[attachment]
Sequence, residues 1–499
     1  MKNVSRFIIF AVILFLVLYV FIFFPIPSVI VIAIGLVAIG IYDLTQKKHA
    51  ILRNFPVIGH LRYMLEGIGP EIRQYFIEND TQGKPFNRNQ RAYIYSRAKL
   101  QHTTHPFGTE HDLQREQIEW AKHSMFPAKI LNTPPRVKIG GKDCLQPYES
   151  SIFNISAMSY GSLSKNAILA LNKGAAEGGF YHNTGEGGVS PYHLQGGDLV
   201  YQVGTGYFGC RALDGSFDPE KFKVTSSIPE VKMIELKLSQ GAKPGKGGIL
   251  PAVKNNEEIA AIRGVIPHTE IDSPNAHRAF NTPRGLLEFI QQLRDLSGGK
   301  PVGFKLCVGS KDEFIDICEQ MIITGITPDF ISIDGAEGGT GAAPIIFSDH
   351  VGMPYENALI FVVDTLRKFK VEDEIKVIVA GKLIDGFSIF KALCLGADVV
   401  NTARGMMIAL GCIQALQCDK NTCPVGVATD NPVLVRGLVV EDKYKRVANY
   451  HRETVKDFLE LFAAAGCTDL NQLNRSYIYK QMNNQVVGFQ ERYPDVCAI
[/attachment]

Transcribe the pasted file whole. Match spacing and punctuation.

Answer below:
Sequence, residues 1–499
     1  MKNVSRFIIF AVILFLVLYV FIFFPIPSVI VIAIGLVAIG IYDLTQKKHA
    51  ILRNFPVIGH LRYMLEGIGP EIRQYFIEND TQGKPFNRNQ RAYIYSRAKL
   101  QHTTHPFGTE HDLQREQIEW AKHSMFPAKI LNTPPRVKIG GKDCLQPYES
   151  SIFNISAMSY GSLSKNAILA LNKGAAEGGF YHNTGEGGVS PYHLQGGDLV
   201  YQVGTGYFGC RALDGSFDPE KFKVTSSIPE VKMIELKLSQ GAKPGKGGIL
   251  PAVKNNEEIA AIRGVIPHTE IDSPNAHRAF NTPRGLLEFI QQLRDLSGGK
   301  PVGFKLCVGS KDEFIDICEQ MIITGITPDF ISIDGAEGGT GAAPIIFSDH
   351  VGMPYENALI FVVDTLRKFK VEDEIKVIVA GKLIDGFSIF KALCLGADVV
   401  NTARGMMIAL GCIQALQCDK NTCPVGVATD NPVLVRGLVV EDKYKRVANY
   451  HRETVKDFLE LFAAAGCTDL NQLNRSYIYK QMNNQVVGFQ ERYPDVCAI